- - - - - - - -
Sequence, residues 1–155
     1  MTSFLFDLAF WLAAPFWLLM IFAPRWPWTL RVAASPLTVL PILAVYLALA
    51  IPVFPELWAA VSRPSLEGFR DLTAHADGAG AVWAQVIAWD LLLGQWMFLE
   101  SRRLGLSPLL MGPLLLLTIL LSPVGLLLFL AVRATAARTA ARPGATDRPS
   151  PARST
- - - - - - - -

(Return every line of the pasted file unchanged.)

Sequence, residues 1–155
     1  MTSFLFDLAF WLAAPFWLLM IFAPRWPWTL RVAASPLTVL PILAVYLALA
    51  IPVFPELWAA VSRPSLEGFR DLTAHADGAG AVWAQVIAWD LLLGQWMFLE
   101  SRRLGLSPLL MGPLLLLTIL LSPVGLLLFL AVRATAARTA ARPGATDRPS
   151  PARST